A female sparrow searching nesting material

Natural Habitats of animals and their importance

Enviromental Education For JTET/CTET

Natural habitats support a variety of living organisms, some of which endemic to one particular habitat.

Habitats are important sources of medicines some of which cannot be manufactured without the presence of certain plants in that particular habitat.

Habitats like forest are lungs of the Earth as they provide oxygen and absorb carbon dioxide. Natural habitats provide food to not only the dwellers of a particular Habitat but they also provide food to humans in the form of vegetables, fruits, meat etc.

Various different types of habitats hold valuable knowledge for scientists regarding various Natural Processes, evolution of certain environments etc.

There are innumerable species of animals and plants which are yet to be discovered whose importance and evolution still needs to be understood.

Habitats also showcase the biodiversity of various organisms without which we would be devoid of Natural Beauty.

Medicine Industry would have not existed if there were no Forests as they are sources of medicinal Plants.

There are so many aspects of habitats that need to be understood and the knowledge associated with them needs to be applied for the mutual benefit of all organisms.


The word nesting means- act of making nests. Nests are made for birds at first place and also by some termites. As for a bird, nest is the small habitat in which it lays and incubates its eggs and raises its young.

Although the term popularly refers to a specific structure made by the bird itself—such as the grassy cup nest of the American robin or Eurasian blackbird, or the elaborately woven hanging nest of the Montezuma oropendola or the village weaver or the Indian Weaver Bird.

For some species, a nest is simply a shallow depression made in sand; for others, it is the knot-hole left by a broken branch, a burrow dug into the ground, a chamber drilled into a tree, an enormous rotting pile of vegetation and earth, a shelf made architecture of dried saliva or a mud dome with an entrance tunnel.

The smallest bird nests are those of some hummingbirds, tiny cups which can be a mere 2 cm (0.79 in) across and 2–3 cm (0.79–1.18 in) high. At the other extreme, some nest mounds built by the dusky scrub fowl measure more than 11 m (36 ft) in diameter and stand nearly 5 m (16 ft) tall.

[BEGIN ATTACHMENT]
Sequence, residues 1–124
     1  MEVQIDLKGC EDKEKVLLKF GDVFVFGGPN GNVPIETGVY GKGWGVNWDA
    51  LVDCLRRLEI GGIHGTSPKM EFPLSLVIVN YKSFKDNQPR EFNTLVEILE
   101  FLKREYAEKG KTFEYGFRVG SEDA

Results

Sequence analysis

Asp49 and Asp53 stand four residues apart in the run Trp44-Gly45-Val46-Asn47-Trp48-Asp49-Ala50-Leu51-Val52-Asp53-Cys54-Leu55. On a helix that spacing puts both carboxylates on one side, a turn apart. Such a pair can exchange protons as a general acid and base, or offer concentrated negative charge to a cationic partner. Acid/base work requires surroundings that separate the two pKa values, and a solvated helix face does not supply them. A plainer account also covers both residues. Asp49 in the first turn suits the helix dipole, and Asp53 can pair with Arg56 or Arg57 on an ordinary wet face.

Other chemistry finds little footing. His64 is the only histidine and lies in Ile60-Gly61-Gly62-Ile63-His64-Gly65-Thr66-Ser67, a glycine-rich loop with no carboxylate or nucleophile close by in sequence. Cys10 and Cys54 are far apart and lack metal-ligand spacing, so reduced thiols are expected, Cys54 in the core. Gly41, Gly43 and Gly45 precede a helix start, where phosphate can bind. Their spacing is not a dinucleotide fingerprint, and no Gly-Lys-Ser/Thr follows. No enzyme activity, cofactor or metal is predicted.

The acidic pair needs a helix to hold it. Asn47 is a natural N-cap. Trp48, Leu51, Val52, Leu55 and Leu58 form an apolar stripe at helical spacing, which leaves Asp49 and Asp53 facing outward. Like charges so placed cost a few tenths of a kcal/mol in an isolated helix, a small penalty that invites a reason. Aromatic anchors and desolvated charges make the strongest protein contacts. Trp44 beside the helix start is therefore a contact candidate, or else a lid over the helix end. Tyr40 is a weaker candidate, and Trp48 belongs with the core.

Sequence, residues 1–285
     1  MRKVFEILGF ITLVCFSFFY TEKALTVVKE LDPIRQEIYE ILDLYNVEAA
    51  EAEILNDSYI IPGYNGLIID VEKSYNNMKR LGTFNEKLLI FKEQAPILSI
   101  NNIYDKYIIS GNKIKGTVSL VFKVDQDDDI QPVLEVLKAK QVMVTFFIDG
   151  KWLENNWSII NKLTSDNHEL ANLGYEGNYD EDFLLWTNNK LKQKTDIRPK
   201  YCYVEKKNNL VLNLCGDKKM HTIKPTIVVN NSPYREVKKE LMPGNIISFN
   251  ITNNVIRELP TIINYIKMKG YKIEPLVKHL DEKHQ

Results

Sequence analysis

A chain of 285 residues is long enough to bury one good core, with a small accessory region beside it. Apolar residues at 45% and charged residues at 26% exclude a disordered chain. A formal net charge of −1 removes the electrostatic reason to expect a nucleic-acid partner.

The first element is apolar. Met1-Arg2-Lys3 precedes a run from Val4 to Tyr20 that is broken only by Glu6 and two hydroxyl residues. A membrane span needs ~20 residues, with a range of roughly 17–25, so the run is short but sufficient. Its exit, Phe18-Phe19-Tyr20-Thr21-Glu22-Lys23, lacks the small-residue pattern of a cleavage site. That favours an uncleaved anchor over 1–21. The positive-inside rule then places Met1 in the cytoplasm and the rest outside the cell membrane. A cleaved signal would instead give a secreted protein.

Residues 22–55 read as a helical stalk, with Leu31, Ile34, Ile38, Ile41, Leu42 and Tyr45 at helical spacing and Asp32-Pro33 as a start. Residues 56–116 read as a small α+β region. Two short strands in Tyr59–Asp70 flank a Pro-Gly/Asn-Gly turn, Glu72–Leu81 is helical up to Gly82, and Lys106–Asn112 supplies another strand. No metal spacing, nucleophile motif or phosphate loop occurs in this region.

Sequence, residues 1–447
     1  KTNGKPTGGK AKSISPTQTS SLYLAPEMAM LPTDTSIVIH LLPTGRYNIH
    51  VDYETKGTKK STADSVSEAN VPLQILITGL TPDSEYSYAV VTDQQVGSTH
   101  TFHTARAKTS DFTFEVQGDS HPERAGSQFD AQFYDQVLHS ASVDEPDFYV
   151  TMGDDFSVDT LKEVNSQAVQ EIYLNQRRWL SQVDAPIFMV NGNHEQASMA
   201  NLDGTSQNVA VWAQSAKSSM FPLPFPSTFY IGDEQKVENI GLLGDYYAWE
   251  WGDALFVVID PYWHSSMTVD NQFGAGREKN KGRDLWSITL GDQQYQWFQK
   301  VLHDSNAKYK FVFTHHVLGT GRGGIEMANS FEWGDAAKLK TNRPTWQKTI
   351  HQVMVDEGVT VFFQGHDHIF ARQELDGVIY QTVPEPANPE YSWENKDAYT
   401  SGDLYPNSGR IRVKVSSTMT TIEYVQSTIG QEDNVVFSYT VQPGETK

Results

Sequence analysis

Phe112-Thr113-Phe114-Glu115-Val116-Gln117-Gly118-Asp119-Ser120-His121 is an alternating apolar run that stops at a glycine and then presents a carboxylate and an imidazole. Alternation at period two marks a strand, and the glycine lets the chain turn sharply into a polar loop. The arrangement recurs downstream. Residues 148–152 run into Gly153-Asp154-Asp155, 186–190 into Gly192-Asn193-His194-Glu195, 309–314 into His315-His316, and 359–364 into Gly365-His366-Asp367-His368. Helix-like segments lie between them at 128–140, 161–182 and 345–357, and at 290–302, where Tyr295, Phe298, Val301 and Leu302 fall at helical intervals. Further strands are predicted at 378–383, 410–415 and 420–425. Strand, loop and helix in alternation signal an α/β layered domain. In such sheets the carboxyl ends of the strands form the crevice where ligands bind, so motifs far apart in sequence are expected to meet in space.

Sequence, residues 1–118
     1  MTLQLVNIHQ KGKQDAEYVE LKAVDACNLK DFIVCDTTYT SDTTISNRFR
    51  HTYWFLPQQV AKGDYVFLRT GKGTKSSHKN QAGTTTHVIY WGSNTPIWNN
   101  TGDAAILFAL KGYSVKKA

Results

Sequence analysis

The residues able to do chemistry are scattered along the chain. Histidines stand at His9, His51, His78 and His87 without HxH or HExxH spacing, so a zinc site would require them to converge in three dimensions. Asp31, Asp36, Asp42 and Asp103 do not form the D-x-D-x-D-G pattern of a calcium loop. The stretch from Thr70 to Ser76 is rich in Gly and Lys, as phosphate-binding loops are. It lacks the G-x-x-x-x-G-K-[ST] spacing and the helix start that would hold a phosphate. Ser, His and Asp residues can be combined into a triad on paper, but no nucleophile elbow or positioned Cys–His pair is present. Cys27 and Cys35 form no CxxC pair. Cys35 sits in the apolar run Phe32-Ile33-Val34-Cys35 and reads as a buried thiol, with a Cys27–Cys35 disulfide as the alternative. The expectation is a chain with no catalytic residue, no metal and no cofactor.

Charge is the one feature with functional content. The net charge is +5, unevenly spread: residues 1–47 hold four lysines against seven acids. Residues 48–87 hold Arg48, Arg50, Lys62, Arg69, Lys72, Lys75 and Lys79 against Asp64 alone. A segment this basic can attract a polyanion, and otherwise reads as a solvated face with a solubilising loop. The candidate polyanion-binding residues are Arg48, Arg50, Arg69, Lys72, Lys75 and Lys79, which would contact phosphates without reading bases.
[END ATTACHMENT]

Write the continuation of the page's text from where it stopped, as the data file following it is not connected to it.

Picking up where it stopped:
Not all bird species build nests. Some species lay their eggs directly on the ground or rocky ledges, while brood parasites (like Indian Koel) lay their eggs in the nests of other birds, letting unwitting “foster parents” do all the work of rearing the young.

Although nests are primarily used for breeding, they may also be reused in the non-breeding season for roosting and some species build special dormitory nests or roost nests (or winter-nest) that are used only for roosting.

Most birds build a new nest each year, though some refurbish their old nests. The large eyries (or aeries) of some eagles are platform nests that have been used and refurbished for several years.

In most species, the female does most or all of the nest construction, though the male often helps for example pigeons.

In some Polygynous species, however, the male does most or all of the nest building like Indian Weaver Bird. In this case, the nest may also form a part of the courtship display. The ability to choose and maintain good nest sites and build high quality nests may be selected for by females in these species.

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